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CA Department of Insurance

Mercury loses argument to charge consumers for tennis sponsorship

News: 2017 Press Release

For Release: May 12, 2017
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Game-Set-Match - Mercury loses argument to charge consumers for tennis sponsorship
Court decision prohibits Mercury from passing brand-advertising costs to consumers
SACRAMENTO, Calif. — The California Supreme Court rejected Mercury Insurance and a coalition of insurance industry groups' latest volley in their repeated and coordinated attempts to undermine the consumer protection ground rules established by Proposition 103—approved by California voters in 1988.

The case stems from the commissioner's 2013 rate-reduction order that included prohibiting Mercury from passing on $2,806,152 in brand advertising costs to consumers because the advertising did not give policyholders meaningful information about the insurance products. Insurers spend millions of dollars on advertising their brands including purchasing naming rights for sports stadiums and sporting event sponsorships.

"Once again we have successfully defended consumers against the insurance industry's ongoing crusade to undermine our consumer protection laws," said Insurance Commissioner Dave Jones. "In this most recent victory, the courts rejected the insurers' claim that they have a First Amendment right to charge policyholders for the cost of the Mercury Insurance Tennis Open or flying a blimp over the Super Bowl with the insurer's name on the side. Consumers should not have to pay for brand advertising that only benefits the insurance company and provides no meaningful information to consumers."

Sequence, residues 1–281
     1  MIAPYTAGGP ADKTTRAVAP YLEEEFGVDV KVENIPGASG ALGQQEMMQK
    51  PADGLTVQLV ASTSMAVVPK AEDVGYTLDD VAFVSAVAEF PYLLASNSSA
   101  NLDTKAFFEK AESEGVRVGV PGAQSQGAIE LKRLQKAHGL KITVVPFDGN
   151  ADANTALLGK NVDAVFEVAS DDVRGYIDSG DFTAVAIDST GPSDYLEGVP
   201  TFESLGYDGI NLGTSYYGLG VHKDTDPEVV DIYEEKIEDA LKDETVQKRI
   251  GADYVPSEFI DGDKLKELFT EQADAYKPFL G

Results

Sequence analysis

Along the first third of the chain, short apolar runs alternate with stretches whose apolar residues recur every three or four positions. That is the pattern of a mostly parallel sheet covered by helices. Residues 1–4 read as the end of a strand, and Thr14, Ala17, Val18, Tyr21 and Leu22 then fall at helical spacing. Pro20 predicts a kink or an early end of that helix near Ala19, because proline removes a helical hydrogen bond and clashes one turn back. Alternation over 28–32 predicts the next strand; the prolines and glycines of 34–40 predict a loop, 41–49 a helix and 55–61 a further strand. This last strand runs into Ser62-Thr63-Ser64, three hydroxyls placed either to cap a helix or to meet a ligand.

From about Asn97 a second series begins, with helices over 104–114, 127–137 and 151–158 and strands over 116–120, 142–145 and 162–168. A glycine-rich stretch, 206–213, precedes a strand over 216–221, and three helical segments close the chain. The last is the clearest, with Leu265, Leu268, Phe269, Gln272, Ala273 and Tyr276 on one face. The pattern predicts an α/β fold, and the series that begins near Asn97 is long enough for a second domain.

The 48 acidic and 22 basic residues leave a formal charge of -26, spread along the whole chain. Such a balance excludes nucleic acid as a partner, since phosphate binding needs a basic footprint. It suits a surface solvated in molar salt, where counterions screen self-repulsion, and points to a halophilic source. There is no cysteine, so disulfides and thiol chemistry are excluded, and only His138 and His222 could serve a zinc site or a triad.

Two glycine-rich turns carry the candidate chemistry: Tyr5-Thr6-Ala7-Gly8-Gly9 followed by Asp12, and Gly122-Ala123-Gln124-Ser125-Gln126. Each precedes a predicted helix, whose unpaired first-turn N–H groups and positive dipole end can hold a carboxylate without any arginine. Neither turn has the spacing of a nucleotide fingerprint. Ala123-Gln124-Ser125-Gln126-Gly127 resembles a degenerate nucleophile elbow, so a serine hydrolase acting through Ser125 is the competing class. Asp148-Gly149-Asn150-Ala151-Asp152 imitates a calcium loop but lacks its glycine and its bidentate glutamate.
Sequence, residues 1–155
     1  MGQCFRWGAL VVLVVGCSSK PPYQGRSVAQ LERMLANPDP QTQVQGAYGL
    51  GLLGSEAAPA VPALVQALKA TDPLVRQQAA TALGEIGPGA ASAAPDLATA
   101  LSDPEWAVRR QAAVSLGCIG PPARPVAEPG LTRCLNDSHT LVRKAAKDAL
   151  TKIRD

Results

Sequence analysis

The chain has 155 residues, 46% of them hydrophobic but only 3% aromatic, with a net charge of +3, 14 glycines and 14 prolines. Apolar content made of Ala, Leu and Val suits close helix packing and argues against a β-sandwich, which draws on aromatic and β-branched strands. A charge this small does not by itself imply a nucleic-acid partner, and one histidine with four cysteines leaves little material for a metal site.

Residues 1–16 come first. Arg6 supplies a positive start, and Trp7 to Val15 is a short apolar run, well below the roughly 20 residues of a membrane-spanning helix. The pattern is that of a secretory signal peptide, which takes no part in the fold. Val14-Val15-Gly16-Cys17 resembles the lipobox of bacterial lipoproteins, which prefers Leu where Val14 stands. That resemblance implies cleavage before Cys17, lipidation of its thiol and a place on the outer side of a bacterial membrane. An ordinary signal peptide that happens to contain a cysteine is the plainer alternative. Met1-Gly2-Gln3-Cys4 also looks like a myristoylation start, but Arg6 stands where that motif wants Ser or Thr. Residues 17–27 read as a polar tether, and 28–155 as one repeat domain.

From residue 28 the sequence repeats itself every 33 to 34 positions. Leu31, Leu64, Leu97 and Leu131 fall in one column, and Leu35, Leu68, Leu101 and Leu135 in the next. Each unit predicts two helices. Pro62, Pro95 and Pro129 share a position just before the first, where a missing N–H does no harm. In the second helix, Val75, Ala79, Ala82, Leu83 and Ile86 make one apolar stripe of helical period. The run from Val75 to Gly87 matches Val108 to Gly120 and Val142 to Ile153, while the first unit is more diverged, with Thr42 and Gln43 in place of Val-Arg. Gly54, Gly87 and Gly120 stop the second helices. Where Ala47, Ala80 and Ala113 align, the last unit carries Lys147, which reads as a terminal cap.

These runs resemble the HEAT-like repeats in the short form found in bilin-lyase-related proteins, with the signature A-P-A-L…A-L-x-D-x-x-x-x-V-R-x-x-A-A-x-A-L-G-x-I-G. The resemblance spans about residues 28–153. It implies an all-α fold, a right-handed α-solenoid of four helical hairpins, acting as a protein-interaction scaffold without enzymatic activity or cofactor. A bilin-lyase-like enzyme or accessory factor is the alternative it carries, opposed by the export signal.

The commissioner strongly defended in court his 2013 order requiring Mercury to reduce homeowner insurance rates by 5.4 percent, which saved policyholders $11,745,102. In challenging the order, the insurers argued unsuccessfully that they have the right to determine their own profit with each rate proceeding rather than use the commissioner's rate formula approved by the California Supreme Court in 1994.

In a published decision, the court of appeal expressed its frustration with the groundless arguments the insurers used to challenge the already-approved formula to determine rates by referring to their arguments as "smoke, mirrors" and "hocus pocus." Commissioner Jones opposed Mercury's petition to the California Supreme Court seeking review of the appellate court decision. The California Supreme Court rejected Mercury's petition for review so the court of appeal's decision upholding the commissioner's order is the final decision.

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Media Notes:

  • Mercury v. Jones Supreme Court Ruling
  • Mercury v. Jones Appeal Court Ruling
  • Based upon Mercury's proposal to charge brand advertising to consumers, and its desired profit, Mercury had applied for a 3.9 percent rate increase, which would have raised consumers' rates by $8,418,455, instead the Commissioner ordered their rates reduced by 5.4 percent.
  • This is the third major case in which an appellate court decided for Commissioner Jones against insurers challenging his authority. The Commissioner also won ACIC v. Jones and ACLHIC v. Jones.   

The California Department of Insurance, established in 1868, is the largest consumer protection agency in California. Insurers collect $310 billion in premiums annually in California. Since 2011 the California Department of Insurance received more than 1,000,000 calls from consumers and helped recover over $469 million in claims and premiums. Please visit the Department of Insurance website at Non-media inquiries should be directed to the Consumer Hotline at 800.927.4357. Telecommunications Devices for the Deaf (TDD), please dial 800.482.4833.

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